America chanted past the president this month, fed up with listening and ready for its own interventions.
Whether President Obama remains an influence, or has become a bystander in conversations about “who we are” — a favorite phrase he repeated in a speech Tuesday — became a more urgent question in November, one that could shape the balance of his presidency.
“Stop deportations, not one more!” screamed a young woman seated four rows behind Obama’s Chicago lectern Tuesday night.
“No justice, no peace!” yelled Ferguson, Mo., demonstrators during a second night of angry protests following a grand jury’s decision to absolve a white police officer in the shooting death of an unarmed black teenager. Thousands of mostly young demonstrators took to the streets Tuesday across the country, as Monday’s lootings shifted to more peaceable assemblies, even with 45 arrests.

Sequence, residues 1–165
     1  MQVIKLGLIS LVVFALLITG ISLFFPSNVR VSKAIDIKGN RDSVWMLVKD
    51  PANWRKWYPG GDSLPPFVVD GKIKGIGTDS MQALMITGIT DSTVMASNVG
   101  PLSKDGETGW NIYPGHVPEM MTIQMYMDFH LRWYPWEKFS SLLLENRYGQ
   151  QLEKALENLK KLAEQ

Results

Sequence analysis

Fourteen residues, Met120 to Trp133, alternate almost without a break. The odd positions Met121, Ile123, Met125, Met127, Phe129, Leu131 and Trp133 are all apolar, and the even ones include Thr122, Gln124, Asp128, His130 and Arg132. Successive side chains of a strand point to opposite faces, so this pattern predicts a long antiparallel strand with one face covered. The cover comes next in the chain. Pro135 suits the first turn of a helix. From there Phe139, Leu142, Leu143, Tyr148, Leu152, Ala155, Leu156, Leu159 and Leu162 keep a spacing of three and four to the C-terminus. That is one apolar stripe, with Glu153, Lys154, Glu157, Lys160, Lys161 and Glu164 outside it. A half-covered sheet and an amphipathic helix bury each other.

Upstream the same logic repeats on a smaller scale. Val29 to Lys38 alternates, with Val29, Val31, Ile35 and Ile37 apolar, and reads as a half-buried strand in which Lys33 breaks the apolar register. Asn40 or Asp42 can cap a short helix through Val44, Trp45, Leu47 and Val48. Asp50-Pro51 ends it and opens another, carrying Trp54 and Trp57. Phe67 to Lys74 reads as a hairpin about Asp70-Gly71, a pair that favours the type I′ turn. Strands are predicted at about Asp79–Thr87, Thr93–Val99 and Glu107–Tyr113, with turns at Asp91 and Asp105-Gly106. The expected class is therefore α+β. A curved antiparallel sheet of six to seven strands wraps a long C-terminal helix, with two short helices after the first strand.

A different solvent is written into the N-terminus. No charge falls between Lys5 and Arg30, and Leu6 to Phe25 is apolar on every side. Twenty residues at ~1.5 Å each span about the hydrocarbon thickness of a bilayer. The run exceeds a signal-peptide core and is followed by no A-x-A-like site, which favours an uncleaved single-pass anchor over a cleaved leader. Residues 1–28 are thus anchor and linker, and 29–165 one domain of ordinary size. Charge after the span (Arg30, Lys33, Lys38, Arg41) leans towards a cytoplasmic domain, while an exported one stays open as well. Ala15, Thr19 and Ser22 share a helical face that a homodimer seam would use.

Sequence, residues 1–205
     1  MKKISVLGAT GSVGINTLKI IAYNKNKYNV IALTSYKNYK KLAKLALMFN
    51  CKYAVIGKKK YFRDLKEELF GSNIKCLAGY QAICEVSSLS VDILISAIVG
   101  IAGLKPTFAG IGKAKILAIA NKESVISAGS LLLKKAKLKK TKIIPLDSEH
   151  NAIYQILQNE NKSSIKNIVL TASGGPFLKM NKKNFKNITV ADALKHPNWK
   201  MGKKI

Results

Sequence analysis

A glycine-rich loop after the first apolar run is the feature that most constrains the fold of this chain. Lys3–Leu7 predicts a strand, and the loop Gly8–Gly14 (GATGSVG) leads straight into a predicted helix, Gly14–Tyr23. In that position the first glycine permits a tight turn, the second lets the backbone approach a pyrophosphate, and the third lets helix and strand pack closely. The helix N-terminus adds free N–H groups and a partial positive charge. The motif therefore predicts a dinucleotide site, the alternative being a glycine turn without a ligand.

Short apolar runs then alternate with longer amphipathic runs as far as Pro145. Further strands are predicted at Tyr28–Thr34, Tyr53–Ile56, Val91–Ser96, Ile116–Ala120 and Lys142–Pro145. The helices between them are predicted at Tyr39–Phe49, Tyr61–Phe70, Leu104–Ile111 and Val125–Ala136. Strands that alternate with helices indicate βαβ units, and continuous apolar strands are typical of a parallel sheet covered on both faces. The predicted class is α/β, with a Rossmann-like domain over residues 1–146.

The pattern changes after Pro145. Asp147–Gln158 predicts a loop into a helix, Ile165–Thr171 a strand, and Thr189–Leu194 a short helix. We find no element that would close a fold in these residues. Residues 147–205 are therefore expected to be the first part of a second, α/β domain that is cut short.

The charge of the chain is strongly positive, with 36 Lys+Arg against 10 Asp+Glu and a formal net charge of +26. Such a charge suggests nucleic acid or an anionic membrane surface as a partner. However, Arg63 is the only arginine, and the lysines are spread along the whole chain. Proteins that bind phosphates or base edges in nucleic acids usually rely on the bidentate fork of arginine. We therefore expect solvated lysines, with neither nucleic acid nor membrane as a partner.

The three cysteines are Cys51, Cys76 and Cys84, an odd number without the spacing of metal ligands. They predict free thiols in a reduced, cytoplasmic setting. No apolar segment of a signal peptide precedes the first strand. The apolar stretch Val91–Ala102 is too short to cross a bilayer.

The administration says it wants to see if the lawlessness in Ferguson can spark a constructive national movement for community trust and racial justice under law, especially in the absence of a civil rights or religious leader who can steer it. The president has shown no inclination to try to fill that void by himself, despite his expressed desire to use government as part of the solution.